Presentation on theme: "Light has momentum, too!. The Compton Effect Discovered in 1923 by Arthur Compton Pointed x-rays at metal atoms X-rays are high frequency, high energy."— Presentation transcript:
Light has momentum, too!
The Compton Effect Discovered in 1923 by Arthur Compton Pointed x-rays at metal atoms X-rays are high frequency, high energy photons X-rays knocked electrons from the metal A low energy photon emitted after the collision
Compton treated this like an elastic collision The incoming photon (x-ray) strikes the electron The electron emits a low energy photon Electron and photon scatter in opposite directions From the path and speed of the electron, Compton could calculate the momentum of the scattered photon: p = h/λ Like the energy of a photon, the momentum depends only on its frequency (or wavelength.
What is happening? The incoming x-ray is a very high energy photon The x-ray has more energy than is needed to eject the electron from the metal. The ejected electron gets rid of the extra energy in the form of a lower energy photon.
What is learned from this? We know that electrons have momentum because they have mass Photons have momentum too, even though they have no mass! Photons seem to behave much like particles when they interact (collide?) with electrons.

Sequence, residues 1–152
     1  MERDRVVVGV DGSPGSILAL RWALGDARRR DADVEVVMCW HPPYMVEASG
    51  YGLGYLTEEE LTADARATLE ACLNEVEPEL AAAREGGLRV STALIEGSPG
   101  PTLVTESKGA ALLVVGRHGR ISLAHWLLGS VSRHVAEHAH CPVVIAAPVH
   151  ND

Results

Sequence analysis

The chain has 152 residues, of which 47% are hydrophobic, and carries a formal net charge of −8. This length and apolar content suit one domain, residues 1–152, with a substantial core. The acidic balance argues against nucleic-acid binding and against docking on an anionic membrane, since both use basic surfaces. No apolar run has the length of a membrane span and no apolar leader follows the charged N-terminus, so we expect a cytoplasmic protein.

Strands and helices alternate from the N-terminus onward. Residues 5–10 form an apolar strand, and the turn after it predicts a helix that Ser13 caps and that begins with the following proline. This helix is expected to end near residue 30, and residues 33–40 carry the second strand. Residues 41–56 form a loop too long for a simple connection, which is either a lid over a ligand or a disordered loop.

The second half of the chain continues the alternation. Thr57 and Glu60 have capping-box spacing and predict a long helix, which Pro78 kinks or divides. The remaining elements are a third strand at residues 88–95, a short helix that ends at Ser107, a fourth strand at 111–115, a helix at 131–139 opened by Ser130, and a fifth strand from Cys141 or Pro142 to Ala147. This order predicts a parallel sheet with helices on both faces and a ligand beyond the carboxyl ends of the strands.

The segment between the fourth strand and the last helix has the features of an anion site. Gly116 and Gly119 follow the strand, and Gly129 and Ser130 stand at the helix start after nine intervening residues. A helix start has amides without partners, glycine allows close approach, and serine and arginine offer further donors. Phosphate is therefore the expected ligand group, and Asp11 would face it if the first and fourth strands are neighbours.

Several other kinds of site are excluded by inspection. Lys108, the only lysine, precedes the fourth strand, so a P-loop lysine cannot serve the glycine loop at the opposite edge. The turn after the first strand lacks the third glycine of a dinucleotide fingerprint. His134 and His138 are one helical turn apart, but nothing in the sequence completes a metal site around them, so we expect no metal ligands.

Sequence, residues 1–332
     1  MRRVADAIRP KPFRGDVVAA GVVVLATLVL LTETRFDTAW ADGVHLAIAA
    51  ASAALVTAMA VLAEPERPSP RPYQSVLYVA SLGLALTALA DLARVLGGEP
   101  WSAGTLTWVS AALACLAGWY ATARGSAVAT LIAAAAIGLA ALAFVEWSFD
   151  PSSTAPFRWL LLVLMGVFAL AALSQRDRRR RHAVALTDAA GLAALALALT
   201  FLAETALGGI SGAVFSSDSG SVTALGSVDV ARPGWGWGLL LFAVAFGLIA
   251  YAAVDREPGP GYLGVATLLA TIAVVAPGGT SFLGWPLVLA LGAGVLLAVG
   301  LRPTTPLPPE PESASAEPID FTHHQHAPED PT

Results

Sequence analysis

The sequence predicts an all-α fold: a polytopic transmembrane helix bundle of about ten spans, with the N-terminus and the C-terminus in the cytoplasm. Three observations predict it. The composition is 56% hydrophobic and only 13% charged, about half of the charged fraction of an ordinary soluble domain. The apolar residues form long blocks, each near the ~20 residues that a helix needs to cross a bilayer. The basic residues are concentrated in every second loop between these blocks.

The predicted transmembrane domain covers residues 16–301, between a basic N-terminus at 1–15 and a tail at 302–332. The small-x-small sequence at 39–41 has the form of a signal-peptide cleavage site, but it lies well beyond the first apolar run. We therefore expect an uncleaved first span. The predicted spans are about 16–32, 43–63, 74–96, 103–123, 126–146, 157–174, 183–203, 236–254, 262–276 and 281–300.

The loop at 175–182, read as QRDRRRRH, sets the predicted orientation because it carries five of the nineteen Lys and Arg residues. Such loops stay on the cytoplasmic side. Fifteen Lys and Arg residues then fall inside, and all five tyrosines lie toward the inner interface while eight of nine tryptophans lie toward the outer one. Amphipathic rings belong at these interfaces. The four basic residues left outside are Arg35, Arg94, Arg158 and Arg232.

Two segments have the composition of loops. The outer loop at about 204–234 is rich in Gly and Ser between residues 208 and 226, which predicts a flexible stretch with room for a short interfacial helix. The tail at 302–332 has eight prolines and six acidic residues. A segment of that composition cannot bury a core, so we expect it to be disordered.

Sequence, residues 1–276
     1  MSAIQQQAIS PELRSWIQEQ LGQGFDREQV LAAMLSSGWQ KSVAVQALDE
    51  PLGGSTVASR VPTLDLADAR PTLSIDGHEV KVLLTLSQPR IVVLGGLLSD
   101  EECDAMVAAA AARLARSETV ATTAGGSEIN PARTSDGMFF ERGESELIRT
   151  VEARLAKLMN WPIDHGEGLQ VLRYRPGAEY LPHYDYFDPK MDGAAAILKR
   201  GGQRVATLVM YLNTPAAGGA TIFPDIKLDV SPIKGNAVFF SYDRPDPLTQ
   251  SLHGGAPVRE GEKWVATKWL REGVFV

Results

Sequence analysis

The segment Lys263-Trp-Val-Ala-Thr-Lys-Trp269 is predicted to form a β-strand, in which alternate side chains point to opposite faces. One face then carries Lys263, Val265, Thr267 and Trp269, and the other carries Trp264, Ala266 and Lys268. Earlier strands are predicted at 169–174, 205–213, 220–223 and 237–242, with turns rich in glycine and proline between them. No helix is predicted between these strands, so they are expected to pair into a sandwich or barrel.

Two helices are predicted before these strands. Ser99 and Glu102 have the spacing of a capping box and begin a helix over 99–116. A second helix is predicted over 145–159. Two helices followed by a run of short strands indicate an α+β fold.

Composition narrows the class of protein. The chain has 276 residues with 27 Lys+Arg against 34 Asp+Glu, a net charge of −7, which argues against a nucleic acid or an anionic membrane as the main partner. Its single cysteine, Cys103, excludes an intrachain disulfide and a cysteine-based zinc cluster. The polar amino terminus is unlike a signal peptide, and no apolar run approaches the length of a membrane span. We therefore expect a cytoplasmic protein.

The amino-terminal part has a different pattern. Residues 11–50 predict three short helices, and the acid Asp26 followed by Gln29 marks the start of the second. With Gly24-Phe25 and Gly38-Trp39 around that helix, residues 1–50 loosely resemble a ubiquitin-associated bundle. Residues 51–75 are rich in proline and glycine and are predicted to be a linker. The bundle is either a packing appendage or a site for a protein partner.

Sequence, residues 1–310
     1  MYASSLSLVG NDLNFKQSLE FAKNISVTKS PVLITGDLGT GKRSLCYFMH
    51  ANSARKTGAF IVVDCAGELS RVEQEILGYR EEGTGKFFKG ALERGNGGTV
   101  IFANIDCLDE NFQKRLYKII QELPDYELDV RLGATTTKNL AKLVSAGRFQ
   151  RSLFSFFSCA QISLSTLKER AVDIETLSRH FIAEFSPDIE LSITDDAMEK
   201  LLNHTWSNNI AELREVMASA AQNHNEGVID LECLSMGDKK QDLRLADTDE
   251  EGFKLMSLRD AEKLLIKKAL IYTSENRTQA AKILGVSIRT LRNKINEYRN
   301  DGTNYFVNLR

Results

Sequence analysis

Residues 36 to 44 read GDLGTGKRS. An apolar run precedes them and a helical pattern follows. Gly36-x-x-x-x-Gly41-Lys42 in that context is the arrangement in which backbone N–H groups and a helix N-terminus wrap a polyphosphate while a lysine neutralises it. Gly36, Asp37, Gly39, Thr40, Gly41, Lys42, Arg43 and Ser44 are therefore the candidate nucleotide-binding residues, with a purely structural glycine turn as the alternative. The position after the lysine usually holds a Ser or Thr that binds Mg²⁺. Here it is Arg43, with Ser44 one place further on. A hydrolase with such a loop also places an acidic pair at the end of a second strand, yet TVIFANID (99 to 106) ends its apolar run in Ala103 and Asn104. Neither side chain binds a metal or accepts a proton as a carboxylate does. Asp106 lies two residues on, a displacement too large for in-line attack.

The deBroglie Wavelength Louis deBroglie turned quantum physics upside down when he asked: if light waves can behave like particles, can particles behave like light waves? Taking Compton’s formula: p = h/λ The wavelength of a particle is given by: λ = h/p Remember, momentum is given by p = mv
What does this mean? h = 6.6 x J s h is an extremely small number, so λ is very small unless m or v is very small. For everyday objects like baseballs and ham sandwiches, the wavelength is unnoticeable. For electrons and protons, the wavelength is noticeable, especially if they have a low speed.
Ok, now what does that mean? If a small particle has a wavelength, then it can do everything that waves do, such as: Diffract (bend around corners) Interfere with other small particles Young’s experiment has been done with electrons. The result: interference pattern on screen. Some electrons cancel, others constructively interfere.
Applications of Matter-Waves Optical microscopes are limited by the wavelength of the light they use. The best microscopes possible can only see down to the micrometer. A free electron has a much smaller wavelength than the wavelength of light. A microscope that uses a beam of electrons instead of light will be able to see much better detail. This leads to the invention of the electron microscope.
Electron Microscope Ant’s head, magnified 2,000 times
Summary Light has momentum p = h/λ When a photon collides with an electron, the electron scatters and emits a low energy photon. This is a perfectly elastic collision, as if the photon was a particle Matter can have wavelength λ = h/p The smaller and slower, the greater the wavelength Slow moving electrons can act like photons in this sense, being able to diffract and interfere.